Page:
OBJECTIVE: Head and neck squamous cell carcinomas (HNSCC) are rapidly developing tumours, and substantial delay in treatment initiation is associated with decreased overall survival. The effect of delay on health-related quality of life (HRQOL) is unknown. The aim of this study was to assess the impact of delay on QOL and overall survival.
METHODS: Patients with mucosal HNSCC were prospectively included. HRQOL and 2-year overall survival were analysed using linear mixed-model analyses and cox regression, respectively. Delay was defined as care pathway interval (CPI) of ≥30 days between first consultation and treatment initiation.
RESULTS: Median CPI was 39 days for the 173 patients included. A trend towards higher HRQOL-scores (indicating better HRQOL) during 2-year follow-up for patients with delay in treatment initiation was visible in the adjusted models (HRQOL summary score-β: 2.62, 95% CI: 0.57-4.67, p = 0.012). Factors associated with decreased overall survival were moderate comorbidities (HR: 5.10, 95% CI: 1.65-15.76, p = 0.005) and stage-IV tumours (HR: 12.37, 95% CI: 2.81-54.39, p = 0.001). Delay was not associated with worse overall survival.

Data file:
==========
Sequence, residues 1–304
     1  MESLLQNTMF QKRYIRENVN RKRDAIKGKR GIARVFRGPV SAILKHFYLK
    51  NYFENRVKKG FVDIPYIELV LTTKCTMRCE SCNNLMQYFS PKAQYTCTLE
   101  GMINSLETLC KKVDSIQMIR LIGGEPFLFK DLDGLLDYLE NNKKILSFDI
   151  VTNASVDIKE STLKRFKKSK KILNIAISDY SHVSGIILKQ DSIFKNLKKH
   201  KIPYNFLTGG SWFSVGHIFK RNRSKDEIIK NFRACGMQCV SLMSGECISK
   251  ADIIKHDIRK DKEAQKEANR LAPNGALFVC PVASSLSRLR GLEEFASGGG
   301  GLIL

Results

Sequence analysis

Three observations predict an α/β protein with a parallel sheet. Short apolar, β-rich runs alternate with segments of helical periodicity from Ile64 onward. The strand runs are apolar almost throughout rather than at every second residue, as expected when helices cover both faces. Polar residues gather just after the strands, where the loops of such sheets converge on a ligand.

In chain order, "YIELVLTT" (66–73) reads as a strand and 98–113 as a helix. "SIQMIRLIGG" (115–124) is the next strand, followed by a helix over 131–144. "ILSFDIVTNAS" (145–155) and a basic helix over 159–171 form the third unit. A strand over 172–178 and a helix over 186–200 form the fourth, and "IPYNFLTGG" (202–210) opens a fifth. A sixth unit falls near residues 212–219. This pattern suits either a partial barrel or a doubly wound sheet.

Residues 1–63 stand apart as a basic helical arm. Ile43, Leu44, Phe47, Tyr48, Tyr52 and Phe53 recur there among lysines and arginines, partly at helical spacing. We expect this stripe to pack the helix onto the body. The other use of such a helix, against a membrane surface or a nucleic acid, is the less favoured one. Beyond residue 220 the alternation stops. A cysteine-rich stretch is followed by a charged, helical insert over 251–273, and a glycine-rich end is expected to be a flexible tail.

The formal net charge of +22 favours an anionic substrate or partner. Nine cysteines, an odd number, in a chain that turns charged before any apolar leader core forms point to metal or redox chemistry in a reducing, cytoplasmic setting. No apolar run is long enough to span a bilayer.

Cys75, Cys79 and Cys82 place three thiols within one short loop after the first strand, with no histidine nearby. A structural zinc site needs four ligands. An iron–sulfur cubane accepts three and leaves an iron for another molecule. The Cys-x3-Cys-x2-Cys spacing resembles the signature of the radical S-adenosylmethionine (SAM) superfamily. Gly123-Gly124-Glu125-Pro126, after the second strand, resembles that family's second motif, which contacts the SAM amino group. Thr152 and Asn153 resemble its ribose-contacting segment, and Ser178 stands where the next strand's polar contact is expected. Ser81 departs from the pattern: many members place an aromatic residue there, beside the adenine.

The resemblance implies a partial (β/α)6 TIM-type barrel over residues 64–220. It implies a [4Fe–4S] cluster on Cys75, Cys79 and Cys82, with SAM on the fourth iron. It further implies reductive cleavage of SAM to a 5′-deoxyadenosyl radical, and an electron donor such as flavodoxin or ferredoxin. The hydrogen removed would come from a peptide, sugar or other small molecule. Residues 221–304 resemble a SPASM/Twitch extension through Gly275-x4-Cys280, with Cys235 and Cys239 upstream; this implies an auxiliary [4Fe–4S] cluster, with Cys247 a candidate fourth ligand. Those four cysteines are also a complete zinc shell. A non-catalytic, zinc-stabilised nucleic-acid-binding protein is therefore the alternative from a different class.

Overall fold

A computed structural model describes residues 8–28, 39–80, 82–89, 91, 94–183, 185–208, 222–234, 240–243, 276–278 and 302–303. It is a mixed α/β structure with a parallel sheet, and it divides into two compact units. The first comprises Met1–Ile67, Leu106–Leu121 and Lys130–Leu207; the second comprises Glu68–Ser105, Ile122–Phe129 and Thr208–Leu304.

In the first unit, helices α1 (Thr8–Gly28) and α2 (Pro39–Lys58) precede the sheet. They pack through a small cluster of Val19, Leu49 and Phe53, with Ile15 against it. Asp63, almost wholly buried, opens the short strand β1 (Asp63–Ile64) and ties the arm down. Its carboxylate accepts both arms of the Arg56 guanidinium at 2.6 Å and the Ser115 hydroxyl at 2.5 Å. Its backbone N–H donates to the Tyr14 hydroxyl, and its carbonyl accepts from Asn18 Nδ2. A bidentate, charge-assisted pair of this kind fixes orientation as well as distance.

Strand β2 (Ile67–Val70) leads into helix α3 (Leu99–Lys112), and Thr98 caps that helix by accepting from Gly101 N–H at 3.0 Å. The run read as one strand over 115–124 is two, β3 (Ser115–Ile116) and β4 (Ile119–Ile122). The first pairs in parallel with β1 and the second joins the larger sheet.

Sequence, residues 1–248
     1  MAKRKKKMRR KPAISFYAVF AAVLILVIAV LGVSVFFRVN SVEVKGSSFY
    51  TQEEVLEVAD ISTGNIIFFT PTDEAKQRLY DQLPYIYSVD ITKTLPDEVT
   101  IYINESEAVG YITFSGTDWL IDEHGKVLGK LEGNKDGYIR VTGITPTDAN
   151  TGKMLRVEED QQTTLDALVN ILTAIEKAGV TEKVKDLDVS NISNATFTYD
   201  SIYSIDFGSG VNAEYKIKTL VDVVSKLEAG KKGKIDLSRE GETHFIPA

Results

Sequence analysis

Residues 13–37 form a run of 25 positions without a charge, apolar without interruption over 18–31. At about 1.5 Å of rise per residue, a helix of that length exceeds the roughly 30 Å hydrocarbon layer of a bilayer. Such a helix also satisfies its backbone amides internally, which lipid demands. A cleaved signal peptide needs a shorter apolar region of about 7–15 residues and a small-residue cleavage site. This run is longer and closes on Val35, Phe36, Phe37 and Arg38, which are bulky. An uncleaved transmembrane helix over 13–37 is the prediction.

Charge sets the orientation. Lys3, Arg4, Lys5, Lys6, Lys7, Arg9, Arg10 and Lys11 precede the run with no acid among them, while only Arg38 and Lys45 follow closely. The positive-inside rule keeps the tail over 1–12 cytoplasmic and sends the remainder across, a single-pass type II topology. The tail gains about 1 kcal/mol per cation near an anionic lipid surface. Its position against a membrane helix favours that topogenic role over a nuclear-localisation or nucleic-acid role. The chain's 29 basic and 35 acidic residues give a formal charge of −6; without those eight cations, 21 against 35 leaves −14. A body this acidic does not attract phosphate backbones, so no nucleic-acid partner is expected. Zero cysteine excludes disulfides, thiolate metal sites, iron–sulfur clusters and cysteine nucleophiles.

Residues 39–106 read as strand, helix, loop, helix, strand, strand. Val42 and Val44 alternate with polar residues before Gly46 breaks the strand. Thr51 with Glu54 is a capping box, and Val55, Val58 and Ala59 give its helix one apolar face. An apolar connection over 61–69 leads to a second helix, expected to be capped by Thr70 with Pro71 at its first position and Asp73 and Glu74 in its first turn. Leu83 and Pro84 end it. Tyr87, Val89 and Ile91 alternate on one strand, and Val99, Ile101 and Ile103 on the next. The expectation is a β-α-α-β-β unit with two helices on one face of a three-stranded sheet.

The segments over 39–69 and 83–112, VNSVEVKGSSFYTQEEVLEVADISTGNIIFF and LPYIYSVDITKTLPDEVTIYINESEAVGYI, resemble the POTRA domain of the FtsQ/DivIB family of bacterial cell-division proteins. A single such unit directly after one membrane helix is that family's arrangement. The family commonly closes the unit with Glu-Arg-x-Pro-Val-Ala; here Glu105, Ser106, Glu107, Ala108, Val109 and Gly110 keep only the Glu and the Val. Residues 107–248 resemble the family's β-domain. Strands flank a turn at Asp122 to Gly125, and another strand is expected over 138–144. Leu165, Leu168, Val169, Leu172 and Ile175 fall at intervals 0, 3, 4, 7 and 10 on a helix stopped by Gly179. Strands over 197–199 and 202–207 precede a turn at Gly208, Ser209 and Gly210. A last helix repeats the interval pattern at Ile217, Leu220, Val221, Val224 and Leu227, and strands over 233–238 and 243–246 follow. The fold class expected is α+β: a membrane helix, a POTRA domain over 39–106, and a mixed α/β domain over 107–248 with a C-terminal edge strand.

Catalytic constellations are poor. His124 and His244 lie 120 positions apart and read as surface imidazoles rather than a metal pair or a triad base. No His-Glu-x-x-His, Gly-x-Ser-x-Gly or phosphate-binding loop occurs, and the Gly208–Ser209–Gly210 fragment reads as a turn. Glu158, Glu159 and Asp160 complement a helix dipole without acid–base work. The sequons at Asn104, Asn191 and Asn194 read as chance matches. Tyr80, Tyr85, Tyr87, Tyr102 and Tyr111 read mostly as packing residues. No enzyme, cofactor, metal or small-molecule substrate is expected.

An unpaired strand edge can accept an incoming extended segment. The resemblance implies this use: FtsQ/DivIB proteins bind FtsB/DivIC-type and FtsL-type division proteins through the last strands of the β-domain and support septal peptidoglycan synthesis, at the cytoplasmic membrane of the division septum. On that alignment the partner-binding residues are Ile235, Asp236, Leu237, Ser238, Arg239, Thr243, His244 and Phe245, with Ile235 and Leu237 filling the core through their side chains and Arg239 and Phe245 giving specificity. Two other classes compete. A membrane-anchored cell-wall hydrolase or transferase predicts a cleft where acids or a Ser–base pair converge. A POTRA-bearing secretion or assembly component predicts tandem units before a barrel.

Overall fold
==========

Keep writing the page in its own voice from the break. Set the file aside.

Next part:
CONCLUSION: Timely treatment initiation is challenging, especially for patients with advanced tumours and initial radiotherapy treatment. Encountering delay in treatment initiation did not result in clinically relevant differences in HRQOL-scores or decreased overall survival during 2-year follow-up.